Conclusions

Our global analysis of potential nursery habitat use suggests that mangroves are the preferred juvenile habitat for many nursery species in the Caribbean, whereas seagrass beds seem to fulfill this role in the Indo-Pacific. Tidal regime appears to act as an important driver of these patterns of fish distributions and degree of habitat connectivity, with the relative usage of mangroves decreasing with increasing tidal amplitude. Salinity may play an additional important role in mangrove habitats, restricting their use by juvenile reef fish in more estuarine conditions. To prioritize the management and conservation of these key juvenile habitats it is critical to consider the overarching role that tidal regime can play on patterns of fish habitat use, and how this may be affected by sea-level rise due to climate change.

Supporting Information

S1 Fig.

Flow of information through the different phases of the meta-analysis.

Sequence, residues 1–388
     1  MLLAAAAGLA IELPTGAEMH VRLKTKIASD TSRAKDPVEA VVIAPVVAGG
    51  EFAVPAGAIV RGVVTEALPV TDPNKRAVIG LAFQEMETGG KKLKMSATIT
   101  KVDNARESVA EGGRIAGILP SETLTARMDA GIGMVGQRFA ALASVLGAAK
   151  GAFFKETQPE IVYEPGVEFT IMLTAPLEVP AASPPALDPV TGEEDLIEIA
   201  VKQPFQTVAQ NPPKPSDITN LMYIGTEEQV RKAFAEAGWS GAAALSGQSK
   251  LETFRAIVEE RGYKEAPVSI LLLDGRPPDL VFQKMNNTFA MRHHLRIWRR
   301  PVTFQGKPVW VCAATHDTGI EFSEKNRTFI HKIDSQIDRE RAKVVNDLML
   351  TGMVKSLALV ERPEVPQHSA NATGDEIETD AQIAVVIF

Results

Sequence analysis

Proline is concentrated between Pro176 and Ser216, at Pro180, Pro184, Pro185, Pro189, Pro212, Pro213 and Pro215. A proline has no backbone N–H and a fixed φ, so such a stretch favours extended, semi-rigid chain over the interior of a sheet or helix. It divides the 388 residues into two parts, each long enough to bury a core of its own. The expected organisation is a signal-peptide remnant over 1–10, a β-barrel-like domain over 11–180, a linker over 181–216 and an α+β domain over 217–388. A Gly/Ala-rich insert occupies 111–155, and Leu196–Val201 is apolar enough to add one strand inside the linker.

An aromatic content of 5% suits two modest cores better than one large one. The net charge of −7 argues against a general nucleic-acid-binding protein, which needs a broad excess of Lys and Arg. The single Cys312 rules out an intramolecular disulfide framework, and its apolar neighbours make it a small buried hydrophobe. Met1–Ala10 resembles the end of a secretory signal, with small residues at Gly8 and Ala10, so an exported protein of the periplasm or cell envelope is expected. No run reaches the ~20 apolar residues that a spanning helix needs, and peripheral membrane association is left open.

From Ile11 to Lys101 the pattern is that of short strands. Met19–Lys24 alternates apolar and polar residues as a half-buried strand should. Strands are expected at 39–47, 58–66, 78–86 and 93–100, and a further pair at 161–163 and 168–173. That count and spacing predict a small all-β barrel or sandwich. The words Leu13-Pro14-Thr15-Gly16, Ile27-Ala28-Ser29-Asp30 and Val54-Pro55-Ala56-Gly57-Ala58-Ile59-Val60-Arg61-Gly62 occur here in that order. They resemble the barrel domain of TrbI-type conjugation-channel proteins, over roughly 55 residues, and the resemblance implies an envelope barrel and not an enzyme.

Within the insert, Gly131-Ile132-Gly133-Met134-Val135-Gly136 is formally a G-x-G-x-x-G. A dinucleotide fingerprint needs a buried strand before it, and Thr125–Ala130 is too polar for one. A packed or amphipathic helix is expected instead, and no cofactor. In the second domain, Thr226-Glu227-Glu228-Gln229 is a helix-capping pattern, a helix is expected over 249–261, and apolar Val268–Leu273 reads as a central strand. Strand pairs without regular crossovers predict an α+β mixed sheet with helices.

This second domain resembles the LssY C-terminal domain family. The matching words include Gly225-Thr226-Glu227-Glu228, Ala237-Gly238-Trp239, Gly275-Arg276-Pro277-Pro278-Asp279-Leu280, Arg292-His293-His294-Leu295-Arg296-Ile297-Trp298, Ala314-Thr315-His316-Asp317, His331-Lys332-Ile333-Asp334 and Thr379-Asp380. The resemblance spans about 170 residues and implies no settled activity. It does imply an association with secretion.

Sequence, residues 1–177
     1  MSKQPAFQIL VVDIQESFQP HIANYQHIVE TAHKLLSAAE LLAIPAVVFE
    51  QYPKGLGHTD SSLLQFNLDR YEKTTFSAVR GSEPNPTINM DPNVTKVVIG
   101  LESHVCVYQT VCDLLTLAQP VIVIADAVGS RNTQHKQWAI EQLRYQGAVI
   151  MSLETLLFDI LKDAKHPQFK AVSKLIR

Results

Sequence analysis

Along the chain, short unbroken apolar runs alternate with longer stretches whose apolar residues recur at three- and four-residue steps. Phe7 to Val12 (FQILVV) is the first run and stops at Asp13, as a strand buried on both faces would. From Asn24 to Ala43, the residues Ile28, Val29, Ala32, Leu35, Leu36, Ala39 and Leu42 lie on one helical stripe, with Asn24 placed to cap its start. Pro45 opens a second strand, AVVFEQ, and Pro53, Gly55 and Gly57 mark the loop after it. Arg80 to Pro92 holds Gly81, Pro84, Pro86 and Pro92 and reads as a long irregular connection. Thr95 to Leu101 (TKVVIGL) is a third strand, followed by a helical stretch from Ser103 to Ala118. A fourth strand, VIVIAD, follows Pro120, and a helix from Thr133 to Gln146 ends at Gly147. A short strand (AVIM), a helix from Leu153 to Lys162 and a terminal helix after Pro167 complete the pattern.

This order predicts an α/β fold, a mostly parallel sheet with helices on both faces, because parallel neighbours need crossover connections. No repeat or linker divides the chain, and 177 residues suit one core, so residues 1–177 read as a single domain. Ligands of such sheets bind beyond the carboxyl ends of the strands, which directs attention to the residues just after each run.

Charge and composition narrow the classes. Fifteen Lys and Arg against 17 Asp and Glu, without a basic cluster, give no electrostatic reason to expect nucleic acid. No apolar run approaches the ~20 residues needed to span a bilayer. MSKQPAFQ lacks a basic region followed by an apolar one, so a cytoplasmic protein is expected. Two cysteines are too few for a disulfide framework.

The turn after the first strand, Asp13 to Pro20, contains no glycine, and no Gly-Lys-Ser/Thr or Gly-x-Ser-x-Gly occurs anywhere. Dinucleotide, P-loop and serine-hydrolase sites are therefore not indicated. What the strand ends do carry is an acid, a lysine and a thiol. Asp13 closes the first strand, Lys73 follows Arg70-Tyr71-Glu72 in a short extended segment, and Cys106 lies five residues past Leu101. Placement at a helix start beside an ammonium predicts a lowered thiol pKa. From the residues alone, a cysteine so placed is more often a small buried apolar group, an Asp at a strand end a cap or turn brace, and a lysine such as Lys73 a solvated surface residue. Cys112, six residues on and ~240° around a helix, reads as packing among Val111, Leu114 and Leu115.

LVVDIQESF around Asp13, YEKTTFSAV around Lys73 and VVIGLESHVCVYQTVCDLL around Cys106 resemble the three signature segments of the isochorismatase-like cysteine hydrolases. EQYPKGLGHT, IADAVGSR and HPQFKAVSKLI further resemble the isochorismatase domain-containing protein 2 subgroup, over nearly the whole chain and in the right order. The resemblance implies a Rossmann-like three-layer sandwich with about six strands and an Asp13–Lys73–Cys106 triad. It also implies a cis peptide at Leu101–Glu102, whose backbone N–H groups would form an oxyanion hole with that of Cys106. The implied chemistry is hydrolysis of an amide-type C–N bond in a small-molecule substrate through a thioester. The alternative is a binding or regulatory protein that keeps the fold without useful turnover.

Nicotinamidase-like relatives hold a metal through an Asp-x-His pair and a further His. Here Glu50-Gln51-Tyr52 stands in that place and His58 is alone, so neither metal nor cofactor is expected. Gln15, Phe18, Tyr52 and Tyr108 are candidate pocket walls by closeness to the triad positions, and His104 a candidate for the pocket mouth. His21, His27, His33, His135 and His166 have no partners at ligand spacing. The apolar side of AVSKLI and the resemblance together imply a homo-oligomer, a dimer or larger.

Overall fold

https://doi.org/10.1371/journal.pone.0114715.s001

(TIF)

S1 Table.

List of studies from the literature and our own data sources used in the analyses.

https://doi.org/10.1371/journal.pone.0114715.s002

(DOCX)

S2 Table.

Random-effects categorical model summary statistics to test for the effect of species identity within habitat comparisons.

https://doi.org/10.1371/journal.pone.0114715.s003

(DOCX)

S1 Dataset.

Hedges' d values and their variance calculated with MetaWin for the comparison of fish densities among mangroves, seagrass beds and coral reefs.

https://doi.org/10.1371/journal.pone.0114715.s004

(XLSX)

Author Contributions

Conceived and designed the experiments: MMI IN. Performed the experiments: IN MD MGGG ARH IAK PJM ADO. Analyzed the data: MMI IN. Contributed reagents/materials/analysis tools: IN MD MGGG ARH IAK PJM ADO YDM. Wrote the paper: MMI IN MD MGGG ARH IAK PJM ADO YDM.